- Reserved CPU cores: You can now improve the performance of Nomad deployed applications by ensuring tasks have exclusive use of client CPUs similar to pinning a CPU to a VM in vSphere. Read the blog to learn more.
- Autoscaling improvements: Scale your applications more precisely with new strategies based on a pass-through strategy where you can defer scaling logic to your APM of choice, a fixed-value strategy that will maintain a fixed number of nodes, and a threshold strategy where you toggle different scaling strategies based on the position of a tracked metric against a defined range. To gain a deeper understanding of this new feature a read HashiCorp’s post on New Auto Scaling Strategy with HashiCorp Nomad to learn more.
- CSI enhancements: Nomad is known as an alternative or underlay to Kubernetes when deploying Container workloads. This release has expanded the set of CSI (Container Storage Interface) plugins to include Ceph. For greater detail read HashiCorp’s Storage Plugin Documentation.
- UI improvements: This release seems several important enhancements to the UI including a fuzzy search capability. And NameSpaces are now a filterable property, so you can now view jobs across all namespaces and also individual namespaces.
Enhanced resource monitoring that integrates with the new capabilities of memory overcommit and CPU reservation and Allocation metrics now report on resource consumption for individual tasks.
And finally improvements to authentication with a new “-authenticate flag on the nomad UI command that will open the UI based on a one-time generated token generated using the NOMAD_TOKEN environment variable.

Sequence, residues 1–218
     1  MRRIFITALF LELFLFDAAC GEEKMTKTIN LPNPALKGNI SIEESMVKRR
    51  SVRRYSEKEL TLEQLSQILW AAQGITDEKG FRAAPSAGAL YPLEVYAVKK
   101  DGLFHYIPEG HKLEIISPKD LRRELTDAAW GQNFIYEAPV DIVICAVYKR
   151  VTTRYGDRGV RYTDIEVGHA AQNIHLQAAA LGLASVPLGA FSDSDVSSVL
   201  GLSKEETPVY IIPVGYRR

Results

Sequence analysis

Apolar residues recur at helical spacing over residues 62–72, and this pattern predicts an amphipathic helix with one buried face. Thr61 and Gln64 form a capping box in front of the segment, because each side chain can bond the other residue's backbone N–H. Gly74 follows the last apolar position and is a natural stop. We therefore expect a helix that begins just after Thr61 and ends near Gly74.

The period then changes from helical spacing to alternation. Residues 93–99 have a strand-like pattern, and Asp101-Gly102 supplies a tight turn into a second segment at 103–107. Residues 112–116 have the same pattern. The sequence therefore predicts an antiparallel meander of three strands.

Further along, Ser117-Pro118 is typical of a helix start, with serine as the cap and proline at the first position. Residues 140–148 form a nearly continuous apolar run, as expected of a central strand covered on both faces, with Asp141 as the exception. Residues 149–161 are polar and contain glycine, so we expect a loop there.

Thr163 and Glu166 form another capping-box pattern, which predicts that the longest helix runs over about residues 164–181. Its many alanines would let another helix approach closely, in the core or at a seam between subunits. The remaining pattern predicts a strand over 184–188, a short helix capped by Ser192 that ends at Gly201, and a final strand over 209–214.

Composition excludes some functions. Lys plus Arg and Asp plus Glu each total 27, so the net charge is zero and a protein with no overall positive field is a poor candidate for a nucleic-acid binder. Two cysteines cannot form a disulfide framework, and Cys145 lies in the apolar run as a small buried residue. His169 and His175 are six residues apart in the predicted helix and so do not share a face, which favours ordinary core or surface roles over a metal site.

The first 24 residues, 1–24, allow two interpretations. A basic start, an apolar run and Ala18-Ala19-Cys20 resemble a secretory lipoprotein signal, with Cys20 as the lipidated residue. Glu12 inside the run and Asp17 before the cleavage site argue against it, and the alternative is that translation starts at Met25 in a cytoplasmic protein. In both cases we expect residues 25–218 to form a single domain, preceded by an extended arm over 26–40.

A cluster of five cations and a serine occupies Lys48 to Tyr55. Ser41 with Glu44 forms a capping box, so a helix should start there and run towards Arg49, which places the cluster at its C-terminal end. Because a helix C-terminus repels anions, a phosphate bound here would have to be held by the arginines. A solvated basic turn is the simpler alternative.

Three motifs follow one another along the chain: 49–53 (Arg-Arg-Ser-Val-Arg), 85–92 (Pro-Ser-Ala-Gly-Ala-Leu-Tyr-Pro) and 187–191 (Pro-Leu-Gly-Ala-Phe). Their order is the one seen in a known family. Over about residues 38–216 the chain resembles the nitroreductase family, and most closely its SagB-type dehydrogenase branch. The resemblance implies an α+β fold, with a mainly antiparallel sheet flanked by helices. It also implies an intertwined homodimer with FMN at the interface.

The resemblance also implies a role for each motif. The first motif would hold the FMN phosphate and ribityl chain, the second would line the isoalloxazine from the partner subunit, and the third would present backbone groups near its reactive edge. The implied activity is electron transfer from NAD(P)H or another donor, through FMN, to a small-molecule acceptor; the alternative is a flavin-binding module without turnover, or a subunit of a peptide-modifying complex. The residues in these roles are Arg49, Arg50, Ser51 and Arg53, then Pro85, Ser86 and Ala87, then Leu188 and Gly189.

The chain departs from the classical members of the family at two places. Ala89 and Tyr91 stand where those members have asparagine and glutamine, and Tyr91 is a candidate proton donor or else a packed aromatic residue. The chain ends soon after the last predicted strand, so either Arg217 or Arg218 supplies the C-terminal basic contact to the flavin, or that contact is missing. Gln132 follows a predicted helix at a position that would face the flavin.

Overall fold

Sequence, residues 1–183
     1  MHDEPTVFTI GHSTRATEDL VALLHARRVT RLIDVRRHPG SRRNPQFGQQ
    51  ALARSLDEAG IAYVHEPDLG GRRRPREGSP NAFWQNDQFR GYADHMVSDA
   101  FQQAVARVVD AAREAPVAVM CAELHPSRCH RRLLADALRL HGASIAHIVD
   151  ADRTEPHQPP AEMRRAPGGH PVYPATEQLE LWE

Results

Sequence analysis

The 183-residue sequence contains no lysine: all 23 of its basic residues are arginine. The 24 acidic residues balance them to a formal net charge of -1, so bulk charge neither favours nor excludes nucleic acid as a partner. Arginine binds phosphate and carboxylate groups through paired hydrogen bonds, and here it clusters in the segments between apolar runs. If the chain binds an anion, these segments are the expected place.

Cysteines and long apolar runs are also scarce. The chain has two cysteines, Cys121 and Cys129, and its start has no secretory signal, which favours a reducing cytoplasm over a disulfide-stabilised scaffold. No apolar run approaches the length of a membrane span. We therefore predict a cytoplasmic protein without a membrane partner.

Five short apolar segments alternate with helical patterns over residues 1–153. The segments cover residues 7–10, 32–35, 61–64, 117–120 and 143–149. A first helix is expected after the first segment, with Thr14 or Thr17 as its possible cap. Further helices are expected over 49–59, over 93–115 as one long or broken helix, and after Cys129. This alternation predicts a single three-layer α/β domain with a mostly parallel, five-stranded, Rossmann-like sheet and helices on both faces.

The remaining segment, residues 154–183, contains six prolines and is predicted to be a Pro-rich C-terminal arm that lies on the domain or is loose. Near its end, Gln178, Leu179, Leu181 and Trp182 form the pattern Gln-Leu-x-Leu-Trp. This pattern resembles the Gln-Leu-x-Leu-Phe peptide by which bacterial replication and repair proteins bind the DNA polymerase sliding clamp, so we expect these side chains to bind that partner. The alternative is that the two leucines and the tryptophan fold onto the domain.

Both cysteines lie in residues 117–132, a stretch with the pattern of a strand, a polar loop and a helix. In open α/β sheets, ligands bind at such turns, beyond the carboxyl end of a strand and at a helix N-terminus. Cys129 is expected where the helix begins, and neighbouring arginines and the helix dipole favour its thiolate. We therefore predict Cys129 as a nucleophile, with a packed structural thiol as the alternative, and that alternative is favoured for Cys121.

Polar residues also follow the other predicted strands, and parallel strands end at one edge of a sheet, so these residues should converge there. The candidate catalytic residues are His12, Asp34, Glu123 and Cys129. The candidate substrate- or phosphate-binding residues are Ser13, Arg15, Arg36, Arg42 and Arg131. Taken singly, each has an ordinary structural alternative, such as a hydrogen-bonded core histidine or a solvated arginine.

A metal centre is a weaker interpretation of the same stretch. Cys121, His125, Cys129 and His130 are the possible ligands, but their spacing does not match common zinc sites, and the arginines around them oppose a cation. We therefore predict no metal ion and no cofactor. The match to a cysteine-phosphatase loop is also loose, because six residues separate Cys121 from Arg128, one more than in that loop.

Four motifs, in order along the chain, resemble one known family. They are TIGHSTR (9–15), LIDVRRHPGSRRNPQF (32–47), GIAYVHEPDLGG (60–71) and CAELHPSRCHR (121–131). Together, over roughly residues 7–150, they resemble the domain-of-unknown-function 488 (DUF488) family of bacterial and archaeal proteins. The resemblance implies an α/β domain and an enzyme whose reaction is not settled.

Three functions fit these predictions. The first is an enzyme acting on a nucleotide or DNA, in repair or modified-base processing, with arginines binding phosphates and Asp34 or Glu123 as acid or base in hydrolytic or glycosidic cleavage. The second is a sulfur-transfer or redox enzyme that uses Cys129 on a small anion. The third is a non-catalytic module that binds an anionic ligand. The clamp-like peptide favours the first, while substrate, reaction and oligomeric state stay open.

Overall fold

- Readiness checks: With this release, you can now differentiate between application liveness (Nomad application health checks) and traffic health and routing readiness (Consul cluster checks) with new options for task health checks. This will now fail a Nomad deployment if the “on-update” option is set to “require healthy”. If your stanza sets this to “ignore” or “ignore_warnings” this will allow a Nomad Cluster to start where it would have previously failed to deploy.
The final improvement we will look at is not as yet production-ready, so it is not advised to use this in a production environment, but it is stable enough to be deployed in your development or staging cluster to test the new functionality it will deliver.
- Remote task drivers (technical preview): This feature enables Nomad to deploy and manage workloads on a much wider variety of environments. You can use it to manage your workloads on more platforms, such as AWS Lambda or Amazon ECS.
Nomad 1.1 is yet another feature-rich minor release for a HashiCorp product. This one is more focused on new features rather than stability. This is to be expected as the major feature of the coming of age 1.0 release was on the whole stability-focused. HashiCorp needs to spend some Marketing time on Nomad, most people think of it as a Kubernetes alternative, but it is, as shown by this update much more than that. The ability to manage none containerized applications and containerized applications from a single interface is a major function win. Couple this with greater Consul integration and the potential for greater footprint with their new remote task drivers tech preview feature should mean it deserves a bit more coverage. To download it and kick the tires point your favorite browser here.